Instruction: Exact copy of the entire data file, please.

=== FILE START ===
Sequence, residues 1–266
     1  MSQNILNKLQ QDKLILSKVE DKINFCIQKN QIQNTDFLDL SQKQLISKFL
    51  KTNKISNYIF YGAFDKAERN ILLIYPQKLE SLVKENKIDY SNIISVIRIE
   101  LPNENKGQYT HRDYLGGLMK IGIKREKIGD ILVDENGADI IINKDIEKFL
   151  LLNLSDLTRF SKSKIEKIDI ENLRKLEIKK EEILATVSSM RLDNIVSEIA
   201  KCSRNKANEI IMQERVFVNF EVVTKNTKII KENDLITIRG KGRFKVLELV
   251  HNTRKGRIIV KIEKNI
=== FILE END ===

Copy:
Sequence, residues 1–266
     1  MSQNILNKLQ QDKLILSKVE DKINFCIQKN QIQNTDFLDL SQKQLISKFL
    51  KTNKISNYIF YGAFDKAERN ILLIYPQKLE SLVKENKIDY SNIISVIRIE
   101  LPNENKGQYT HRDYLGGLMK IGIKREKIGD ILVDENGADI IINKDIEKFL
   151  LLNLSDLTRF SKSKIEKIDI ENLRKLEIKK EEILATVSSM RLDNIVSEIA
   201  KCSRNKANEI IMQERVFVNF EVVTKNTKII KENDLITIRG KGRFKVLELV
   251  HNTRKGRIIV KIEKNI